Bestselling author and eminent foreign policy scholar Zbigniew Brzezinski's classic book on American's strategic mission in the modern world.
In The Grand Chessboard, renowned geostrategist Zbigniew Brzezinski delivers a brutally honest and provocative vision for American preeminence in the twenty-first century. The task facing the United States, he argues, is to become the sole political arbiter in Eurasian lands and to prevent the emergence of any rival power threatening our material and diplomatic interests. The Eurasian landmass, home to the greatest part of the globe's population, natural resources, and economic activity, is the "grand chessboard" on which America's supremacy will be ratified and challenged in the years to come. In this landmark work of public policy and political science, Brzezinski outlines a groundbreaking and powerful blueprint for America's vital interests in the modern world.
In this revised edition, Brzezinski addresses recent global developments including the war in Ukraine, the re-emergence of Russia, and the rise of China.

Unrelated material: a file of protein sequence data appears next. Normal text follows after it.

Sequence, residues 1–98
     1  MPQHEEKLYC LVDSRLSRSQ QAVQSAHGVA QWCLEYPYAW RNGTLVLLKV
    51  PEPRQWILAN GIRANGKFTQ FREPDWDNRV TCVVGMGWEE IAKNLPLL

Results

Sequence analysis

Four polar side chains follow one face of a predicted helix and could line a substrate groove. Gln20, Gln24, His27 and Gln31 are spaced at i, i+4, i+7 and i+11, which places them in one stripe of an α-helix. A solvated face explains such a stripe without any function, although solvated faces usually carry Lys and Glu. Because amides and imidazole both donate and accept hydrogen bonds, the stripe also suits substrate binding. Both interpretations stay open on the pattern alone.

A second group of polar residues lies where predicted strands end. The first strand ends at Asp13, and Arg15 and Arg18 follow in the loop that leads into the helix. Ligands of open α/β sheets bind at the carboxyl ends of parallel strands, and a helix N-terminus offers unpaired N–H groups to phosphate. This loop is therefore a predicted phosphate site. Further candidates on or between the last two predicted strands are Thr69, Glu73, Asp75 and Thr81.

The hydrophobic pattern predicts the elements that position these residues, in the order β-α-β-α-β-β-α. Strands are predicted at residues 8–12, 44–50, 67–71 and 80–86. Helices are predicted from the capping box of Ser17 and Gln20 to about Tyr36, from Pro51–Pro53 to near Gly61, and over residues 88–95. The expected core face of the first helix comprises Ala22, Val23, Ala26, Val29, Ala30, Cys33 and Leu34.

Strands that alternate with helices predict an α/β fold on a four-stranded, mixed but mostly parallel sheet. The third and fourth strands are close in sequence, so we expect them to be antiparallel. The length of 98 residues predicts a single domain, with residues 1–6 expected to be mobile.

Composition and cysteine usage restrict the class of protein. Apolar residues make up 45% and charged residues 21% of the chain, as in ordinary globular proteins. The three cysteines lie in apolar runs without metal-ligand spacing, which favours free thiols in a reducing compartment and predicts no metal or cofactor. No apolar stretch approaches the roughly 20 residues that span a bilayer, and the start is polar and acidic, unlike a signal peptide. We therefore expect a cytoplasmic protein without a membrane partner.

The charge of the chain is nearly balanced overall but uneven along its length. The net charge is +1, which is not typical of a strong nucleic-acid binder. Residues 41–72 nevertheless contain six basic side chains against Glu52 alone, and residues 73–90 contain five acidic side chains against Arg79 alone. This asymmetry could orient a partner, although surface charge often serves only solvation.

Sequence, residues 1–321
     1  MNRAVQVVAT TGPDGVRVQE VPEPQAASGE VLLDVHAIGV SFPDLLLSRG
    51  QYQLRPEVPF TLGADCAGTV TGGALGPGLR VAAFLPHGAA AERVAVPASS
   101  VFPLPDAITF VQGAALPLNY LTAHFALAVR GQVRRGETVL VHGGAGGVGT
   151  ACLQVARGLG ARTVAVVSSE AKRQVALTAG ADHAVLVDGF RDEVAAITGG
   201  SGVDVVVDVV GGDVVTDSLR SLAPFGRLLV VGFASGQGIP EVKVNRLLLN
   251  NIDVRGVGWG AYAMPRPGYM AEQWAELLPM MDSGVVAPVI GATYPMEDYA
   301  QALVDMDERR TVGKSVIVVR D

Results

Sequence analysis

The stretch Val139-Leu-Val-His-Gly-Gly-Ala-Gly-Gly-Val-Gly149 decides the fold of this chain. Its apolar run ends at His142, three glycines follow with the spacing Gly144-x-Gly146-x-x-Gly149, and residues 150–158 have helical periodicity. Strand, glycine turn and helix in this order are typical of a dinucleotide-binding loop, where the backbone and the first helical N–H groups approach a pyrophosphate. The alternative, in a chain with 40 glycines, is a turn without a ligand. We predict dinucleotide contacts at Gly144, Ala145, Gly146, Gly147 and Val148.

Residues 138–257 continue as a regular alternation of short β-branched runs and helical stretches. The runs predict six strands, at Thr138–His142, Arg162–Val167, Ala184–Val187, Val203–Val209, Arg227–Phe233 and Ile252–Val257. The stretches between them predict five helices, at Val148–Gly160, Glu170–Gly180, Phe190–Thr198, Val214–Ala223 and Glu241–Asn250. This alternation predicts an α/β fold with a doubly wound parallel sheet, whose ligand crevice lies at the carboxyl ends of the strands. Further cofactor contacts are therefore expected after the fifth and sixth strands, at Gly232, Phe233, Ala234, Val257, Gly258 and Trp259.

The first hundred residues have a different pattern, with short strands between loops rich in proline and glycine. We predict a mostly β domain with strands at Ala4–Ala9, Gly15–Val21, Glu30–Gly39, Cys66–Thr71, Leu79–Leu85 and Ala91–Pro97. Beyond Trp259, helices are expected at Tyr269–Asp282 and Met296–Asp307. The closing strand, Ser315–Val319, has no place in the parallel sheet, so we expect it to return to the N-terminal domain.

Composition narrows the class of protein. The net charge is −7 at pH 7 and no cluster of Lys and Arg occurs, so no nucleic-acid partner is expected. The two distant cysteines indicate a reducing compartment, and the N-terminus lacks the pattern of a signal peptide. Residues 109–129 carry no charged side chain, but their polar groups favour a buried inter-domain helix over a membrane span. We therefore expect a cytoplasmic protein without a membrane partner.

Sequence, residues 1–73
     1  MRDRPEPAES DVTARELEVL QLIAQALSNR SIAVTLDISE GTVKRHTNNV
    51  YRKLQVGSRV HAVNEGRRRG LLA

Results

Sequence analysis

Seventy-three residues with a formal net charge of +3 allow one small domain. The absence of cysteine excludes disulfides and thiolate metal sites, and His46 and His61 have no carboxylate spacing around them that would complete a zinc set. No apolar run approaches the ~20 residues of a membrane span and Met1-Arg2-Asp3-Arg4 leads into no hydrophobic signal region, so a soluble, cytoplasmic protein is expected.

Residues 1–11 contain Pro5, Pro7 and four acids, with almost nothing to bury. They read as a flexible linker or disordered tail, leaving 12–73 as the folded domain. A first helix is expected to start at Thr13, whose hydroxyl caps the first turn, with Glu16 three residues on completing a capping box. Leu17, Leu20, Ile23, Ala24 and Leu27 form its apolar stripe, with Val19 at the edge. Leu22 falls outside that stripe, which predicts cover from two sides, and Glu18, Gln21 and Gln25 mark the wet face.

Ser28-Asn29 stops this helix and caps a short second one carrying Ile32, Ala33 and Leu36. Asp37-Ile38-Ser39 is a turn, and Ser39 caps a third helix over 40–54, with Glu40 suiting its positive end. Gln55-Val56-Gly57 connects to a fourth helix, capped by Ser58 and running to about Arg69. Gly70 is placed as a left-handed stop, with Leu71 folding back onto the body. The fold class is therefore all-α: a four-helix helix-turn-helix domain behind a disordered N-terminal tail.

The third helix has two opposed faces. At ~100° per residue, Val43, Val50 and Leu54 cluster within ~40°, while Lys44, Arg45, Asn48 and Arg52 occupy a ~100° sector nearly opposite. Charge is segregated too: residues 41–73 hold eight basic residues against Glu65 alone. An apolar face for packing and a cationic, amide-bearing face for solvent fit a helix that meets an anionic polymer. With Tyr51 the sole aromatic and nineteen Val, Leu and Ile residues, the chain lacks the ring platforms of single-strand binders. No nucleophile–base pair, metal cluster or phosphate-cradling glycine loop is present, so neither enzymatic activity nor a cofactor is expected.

Not everyone will agree that the U.S. must "perpetuate own dominant position for at least a generation and preferably longer," but former National Security Adviser Brzezinski offers a meticulously detailed argument for how and why we should. He begins with a quick review of every empire in history and how they compare with America, which he concludes is the first truly global power. He then argues that "Eurasia is... the chessboard on which the struggle for global primacy continues to be played," and moves on to equally brief but comprehensive accounts of political developments there, ranging over entire histories and concluding with how America can best balance power in the region. While it seems overly ambitious to attempt to cover this much ground in a short work, Brzezinski succeeds. He is less convincing, however, when he strays from geopolitics and claims that America is internally threatened by being "fixated on mass entertainment... heavily dominated by hedonistic and socially escapist themes." Those who are uncomfortable with his initial premise will be relieved by his conclusion: America's ultimate destiny is to give up its primacy in exchange for "an enduring framework of global geopolitical cooperation."